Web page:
Inevitably for its money, the UHD60 isn’t absolutely perfect. Black levels aren’t the deepest in the $1,000-$3,000 bracket (I suspect the step up Optoma UHD65 will fix that). Though having said that, they’re actually better than experience of other affordable HDR projectors would have led me to expect, and hardly ever prevent you from getting immersed in what you’re watching.
Very occasionally I saw some low-level DLP rainbow effect, where stripes of red, green and blue flash almost subliminally over stand-out bright parts of the picture. But again, this crops up so rarely that it is arguably more of a strength than a weakness versus other similarly bright single-chip DLP projectors.
Next, as noted earlier there’s a limit to the extent of the HDR effect the UHD60 can deliver, some HDR dark scenes can look a touch jaundiced, and just occasionally skin tones look a little over-saturated. Yet again, though, these issues (some of which you can calibrate your way around) really are small fry and don’t stop HDR pictures being remarkably easy on the eye by affordable projector standards.
The only unmitigated HDR disaster is the SDR to HDR conversion system, which ramps up colour saturations to frankly ugly levels and removes so much subtle detail from dark scenes that they become pretty much unwatchable. There’s an easy fix for this broken feature, though: don’t use it!
The final issue, and one that I couldn’t find a solution to, is that input lag measures around 51ms when using the dedicated Game picture preset. This is roughly double what we’d ideally like to see, and could marginally hinder your performance with fast-paced games.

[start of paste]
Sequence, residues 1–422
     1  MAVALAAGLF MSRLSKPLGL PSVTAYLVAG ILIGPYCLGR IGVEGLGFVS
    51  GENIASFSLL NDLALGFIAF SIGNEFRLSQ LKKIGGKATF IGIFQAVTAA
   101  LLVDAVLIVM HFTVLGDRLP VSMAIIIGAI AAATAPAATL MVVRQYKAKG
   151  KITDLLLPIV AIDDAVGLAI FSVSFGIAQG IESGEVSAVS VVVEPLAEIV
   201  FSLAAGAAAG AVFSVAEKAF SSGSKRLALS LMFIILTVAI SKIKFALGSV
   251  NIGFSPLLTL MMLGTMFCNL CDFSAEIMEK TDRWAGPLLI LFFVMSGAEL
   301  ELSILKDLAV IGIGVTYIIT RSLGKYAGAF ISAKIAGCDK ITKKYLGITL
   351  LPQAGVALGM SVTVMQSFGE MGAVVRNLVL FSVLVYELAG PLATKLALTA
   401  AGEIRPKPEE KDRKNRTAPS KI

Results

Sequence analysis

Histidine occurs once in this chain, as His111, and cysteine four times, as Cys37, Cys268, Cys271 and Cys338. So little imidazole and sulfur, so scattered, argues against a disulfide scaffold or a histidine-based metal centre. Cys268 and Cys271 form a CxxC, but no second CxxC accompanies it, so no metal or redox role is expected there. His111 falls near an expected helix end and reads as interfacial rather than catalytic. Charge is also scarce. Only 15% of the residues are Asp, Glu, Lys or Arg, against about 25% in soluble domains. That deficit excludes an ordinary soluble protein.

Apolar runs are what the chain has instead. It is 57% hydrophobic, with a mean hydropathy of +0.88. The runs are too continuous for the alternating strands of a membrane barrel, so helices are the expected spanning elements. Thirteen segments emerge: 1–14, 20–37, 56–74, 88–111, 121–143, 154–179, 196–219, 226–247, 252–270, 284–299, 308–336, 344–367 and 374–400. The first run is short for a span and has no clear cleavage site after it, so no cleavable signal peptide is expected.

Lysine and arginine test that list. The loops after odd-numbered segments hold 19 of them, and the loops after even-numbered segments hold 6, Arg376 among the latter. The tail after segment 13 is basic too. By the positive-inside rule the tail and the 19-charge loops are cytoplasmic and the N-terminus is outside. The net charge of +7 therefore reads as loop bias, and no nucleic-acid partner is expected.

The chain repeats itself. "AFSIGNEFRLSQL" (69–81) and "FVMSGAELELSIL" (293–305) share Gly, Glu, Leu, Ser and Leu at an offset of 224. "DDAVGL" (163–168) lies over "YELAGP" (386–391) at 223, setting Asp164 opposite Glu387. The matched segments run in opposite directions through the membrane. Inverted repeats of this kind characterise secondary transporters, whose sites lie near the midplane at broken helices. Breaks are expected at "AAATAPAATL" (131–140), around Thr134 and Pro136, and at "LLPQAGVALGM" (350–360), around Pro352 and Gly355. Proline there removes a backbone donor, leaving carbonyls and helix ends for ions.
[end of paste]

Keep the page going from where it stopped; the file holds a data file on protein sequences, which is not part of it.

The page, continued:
Unless you’re an extremely serious gamer, though, you’d be crazy to be put off by the UHD60’s issues. They scarcely amount to a molehill against the mountain of stuff the UHD60 does brilliantly.
Performance TL;DR: The UHD60 is so good for its money that we're still struggling to believe Optoma’s pricing department hasn’t made a mistake.
Other projectors to consider
We've collected together the best projectors for home cinema of 2018 if you fancy checking out the competition.
Both the JVC DLA-X5900 and Sony VPL-VW300ES are two of the best projectors on the market that beat most of the other models. But you'll be parting with more than $5000 for the luxury of turning your home into a cinema.
A more realistic option is the the Optoma brand's UHD65, which delivers highly detailed and reliably cinematic images. It's also easy to set-up and adept with all sources, meaning it's a worthwhile consideration if you're looking to take the projector plunge.
The UHD60 is a still an AV bargain a few years after launch, delivering genuine 4K and HDR thrills at a price that instantly leaves many of its rivals with some serious explaining to do.
Optoma has since launched a number of newer projectors which perform better, like the Optoma UHD65, but the UHD60 is still a solid option for a top home cinema experience.
John has been writing about home entertainment technology for more than two decades - an especially impressive feat considering he still claims to only be 35 years old (yeah, right). In that time he’s reviewed hundreds if not thousands of TVs, projectors and speakers, and spent frankly far too long sitting by himself in a dark room.